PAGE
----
Crypto: Harnessing Labor and Wealth to Produce a Product

Which is what corporations normally do

They allow for the efficient investment of excess wealth to address an economic need.

The other two popular methods of organizing humans are government and non-profits, which normally address social needs.

Those societies that have embraced corporate law combined with free markets and private property rights have experienced higher levels of wealth creation and greater advancements in the standard of living compared to those societies that have not.

It appears to work.

A corporation is a legal entity. Among its many benefits, it enables aspiring entrepreneurs to raise funds when bank loans are not possible, as the corporation’s legal structure allows for partial ownership of the company, namely shares, to be issued in exchange for those needed dollars.

The corporation, or more specifically, the CFO of the corporation, is responsible for keeping track of which investors own how many shares of stock. There is literally a ledger, the “capitalization table”, a database that records this shared ownership information.

The raised dollars are used to grow the company, to realize the entrepreneur dream, and hopefully, to produce an ROI for the investor proportional to the risk.

Give the risky nature of this investment, the initial share price tends to be quite low, increasing later as the company grows, develops products, acquires customer, hits milestones, gains market share, etc.

Note that the share price of these new, private corporations is not determined by a public market, but instead, is negotiated for each funding round.

Let us work through a simple example.

A new company (Doge, Inc.) is created by submitting incorporation papers to a state, usually Delaware. You know, the state that is smaller than most counties.

With a similar stroke of a legal pen, Doge Inc. creates a stock plan out of thin air, initially creating one million shares of stock (this can always be increased later). The founders set aside 20% (200,000 shares) aside for themselves.

Thanks to a good idea and a good team, the CEO convinces some private investors to purchase 10% of the company (100,000 shares) for $200,000, establishing a valuation of $2M, corresponding to a $2.00 share price.

At this stage the founders and seed investors both have allotments of stock.

Six months later, thanks to progress and a CEO with good comm skills, the company raises another $200,000 in exchange for just 5% of company, increasing the valuation to $4M, and establishing a new share price of $4.00.

A mechanism exists for follow-on investment, for more to invest at a later, lower-risk stage.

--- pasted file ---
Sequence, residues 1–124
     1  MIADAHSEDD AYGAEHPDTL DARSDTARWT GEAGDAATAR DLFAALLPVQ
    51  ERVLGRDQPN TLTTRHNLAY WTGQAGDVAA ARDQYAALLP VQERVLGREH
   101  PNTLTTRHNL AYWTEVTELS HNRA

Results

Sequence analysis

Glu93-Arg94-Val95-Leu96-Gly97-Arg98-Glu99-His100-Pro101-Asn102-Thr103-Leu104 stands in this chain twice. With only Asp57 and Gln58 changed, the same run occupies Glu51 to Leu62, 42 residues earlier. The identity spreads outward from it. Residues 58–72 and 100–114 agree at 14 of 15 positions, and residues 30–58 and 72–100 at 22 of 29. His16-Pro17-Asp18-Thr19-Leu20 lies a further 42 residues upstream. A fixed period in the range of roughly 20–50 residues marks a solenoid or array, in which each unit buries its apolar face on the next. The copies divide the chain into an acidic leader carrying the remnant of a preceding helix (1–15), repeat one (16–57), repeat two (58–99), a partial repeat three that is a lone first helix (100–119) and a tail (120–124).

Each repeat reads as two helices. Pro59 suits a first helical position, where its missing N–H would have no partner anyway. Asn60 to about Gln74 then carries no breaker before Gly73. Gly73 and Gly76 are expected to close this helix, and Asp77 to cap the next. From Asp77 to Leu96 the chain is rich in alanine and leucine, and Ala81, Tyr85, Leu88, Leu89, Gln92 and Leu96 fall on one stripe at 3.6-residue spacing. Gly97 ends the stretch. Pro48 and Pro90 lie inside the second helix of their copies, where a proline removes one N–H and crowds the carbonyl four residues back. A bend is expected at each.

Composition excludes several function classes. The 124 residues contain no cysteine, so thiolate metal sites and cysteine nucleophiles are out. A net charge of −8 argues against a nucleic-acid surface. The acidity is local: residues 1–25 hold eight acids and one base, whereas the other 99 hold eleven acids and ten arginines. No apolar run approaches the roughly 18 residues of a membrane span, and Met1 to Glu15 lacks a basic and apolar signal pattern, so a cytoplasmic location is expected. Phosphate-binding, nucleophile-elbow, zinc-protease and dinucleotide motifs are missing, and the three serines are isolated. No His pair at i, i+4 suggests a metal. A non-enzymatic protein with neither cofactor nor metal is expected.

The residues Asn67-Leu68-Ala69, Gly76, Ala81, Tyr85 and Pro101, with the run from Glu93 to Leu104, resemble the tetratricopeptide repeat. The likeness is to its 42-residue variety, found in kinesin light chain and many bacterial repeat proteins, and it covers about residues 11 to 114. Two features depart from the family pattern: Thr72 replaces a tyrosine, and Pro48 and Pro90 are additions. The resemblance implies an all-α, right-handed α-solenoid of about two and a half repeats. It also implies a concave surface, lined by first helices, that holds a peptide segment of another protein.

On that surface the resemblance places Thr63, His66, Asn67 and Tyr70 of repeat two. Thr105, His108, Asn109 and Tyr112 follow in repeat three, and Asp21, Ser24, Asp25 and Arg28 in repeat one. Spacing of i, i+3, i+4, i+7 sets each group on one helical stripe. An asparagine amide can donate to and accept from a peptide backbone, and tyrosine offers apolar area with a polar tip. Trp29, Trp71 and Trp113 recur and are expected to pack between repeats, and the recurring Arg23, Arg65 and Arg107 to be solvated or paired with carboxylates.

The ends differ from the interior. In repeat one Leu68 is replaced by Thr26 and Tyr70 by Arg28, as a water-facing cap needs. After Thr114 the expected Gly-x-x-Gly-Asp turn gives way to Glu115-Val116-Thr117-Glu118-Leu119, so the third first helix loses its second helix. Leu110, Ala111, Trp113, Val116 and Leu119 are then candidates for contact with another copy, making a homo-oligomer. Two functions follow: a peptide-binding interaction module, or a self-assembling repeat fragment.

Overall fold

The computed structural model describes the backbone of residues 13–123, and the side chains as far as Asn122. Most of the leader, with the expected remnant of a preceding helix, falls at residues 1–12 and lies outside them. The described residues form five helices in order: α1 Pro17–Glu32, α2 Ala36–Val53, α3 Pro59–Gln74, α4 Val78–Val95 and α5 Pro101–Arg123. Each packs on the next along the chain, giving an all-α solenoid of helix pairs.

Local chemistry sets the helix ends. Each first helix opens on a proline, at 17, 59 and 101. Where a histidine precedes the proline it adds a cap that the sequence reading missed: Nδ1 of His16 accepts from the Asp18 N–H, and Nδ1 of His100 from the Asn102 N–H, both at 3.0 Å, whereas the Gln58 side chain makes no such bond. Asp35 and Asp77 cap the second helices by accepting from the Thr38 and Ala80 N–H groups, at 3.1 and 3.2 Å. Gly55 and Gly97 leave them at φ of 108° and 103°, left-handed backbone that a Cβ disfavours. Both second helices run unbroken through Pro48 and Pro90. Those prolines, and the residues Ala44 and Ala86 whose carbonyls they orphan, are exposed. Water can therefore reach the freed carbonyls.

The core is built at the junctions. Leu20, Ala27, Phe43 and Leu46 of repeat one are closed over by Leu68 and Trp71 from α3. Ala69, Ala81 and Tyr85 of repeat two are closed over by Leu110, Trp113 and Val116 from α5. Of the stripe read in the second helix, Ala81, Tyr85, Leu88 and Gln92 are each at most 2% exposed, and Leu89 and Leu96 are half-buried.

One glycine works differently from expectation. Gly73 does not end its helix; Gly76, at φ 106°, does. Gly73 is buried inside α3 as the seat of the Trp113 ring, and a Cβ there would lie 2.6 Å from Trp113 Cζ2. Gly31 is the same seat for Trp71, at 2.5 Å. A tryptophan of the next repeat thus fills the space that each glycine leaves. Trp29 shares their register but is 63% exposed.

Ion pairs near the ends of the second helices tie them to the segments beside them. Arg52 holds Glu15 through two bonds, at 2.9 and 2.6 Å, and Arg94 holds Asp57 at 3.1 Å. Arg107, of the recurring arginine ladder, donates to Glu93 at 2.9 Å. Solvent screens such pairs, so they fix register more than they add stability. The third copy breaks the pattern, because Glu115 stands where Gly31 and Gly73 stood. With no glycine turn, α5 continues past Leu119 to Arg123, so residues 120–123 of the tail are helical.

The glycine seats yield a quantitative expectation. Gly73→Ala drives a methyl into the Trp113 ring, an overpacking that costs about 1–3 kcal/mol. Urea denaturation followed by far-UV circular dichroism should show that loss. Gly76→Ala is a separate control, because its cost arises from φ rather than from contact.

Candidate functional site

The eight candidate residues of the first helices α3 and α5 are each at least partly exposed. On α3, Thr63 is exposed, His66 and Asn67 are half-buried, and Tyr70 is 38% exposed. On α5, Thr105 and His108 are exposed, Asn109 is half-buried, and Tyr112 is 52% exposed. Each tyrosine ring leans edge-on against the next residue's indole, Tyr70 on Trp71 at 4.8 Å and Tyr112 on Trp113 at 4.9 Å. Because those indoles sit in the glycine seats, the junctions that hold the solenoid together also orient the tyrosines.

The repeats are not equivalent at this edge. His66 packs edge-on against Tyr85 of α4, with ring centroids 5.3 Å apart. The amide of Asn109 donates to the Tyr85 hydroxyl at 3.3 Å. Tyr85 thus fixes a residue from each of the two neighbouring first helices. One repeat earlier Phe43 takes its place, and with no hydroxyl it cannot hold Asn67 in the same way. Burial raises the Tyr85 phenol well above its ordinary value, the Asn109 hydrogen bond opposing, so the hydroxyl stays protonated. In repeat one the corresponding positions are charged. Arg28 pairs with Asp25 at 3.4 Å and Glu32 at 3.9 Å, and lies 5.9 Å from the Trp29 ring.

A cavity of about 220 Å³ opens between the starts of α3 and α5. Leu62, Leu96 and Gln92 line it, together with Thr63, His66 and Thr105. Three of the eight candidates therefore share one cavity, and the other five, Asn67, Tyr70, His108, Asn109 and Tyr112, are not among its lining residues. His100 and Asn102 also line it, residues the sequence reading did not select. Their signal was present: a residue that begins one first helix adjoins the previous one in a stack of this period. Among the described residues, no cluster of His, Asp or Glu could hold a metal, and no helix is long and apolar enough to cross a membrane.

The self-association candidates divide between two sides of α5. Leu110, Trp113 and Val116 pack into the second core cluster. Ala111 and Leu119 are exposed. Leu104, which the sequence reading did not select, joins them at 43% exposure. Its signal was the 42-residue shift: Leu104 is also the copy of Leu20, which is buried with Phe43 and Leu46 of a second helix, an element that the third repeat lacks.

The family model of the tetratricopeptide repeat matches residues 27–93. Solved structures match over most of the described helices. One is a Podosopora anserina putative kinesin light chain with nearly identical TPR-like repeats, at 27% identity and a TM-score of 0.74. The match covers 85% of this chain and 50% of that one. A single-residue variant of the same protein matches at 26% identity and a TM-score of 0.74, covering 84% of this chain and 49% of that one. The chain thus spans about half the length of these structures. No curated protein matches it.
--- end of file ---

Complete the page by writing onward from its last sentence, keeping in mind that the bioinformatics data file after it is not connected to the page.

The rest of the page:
For a privately held corporation, the share price tends to change in steps, corresponding to the most recent funding round. It is not until a corporation is public, trading on a public exchange, does the share price “float”.

It should be noted that per SEC rules the ownership of private stock tends to be very controlled, limited to “accredited investors”, (i.e., wealthy people), and the company knows who the investors are.

While this method of raising capital and organizing labor has worked well for hundreds of years, something new has come along.

The New Crypto Way

Involves an immutable blockchain and its associated crypto token. The primary purpose of the blockchain is to serve as a ledger of ownership for the token, replacing the corporation capitalization table that keeps track of who owns how much stock.

With the token replacing the stock itself in terms of enabling the exchange of wealth, i.e., investors receive tokens exchange for dollars.

The assumption being that the blockchain and its associated token is associated with a useful product or service that will address an economic need.

In the case of Bitcoin, the product is the ability to quickly transfer relatively large amounts of wealth, anytime, anywhere.

But in some respects, Bitcoin was an accident. Ten years ago, no one was suggesting that the Bitcoin blockchain would replace corporations, no, the evil libertarian plan was to create a government independent money.

So instead, consider the Helium Community (which is real)

https://docs.helium.com/

The Helium Community is not a corporation (sorry Delaware), as there is no CEO, board of directors or stock. But it is an organization, harnessing labor and wealth to create a product, a non-proprietary global RF network, a 5–15 mile wireless extension of the internet. Compared to 5G or WIFI, Helium promises to be long range, low bandwidth and the devices using it will enjoy exceptionally low power consumption, possibly enabling a new market of useful products.

One challenge is that such a network will require the production and deployment tens of thousands of hot spots in the U.S. alone, strategically located proportional to population density.

Another challenge being that until the network achieves a minimum rollout level, covering perhaps 50% of the U.S. population, consumer device manufactures will not commit the millions of dollars required to develop the low-cost products that could use the network.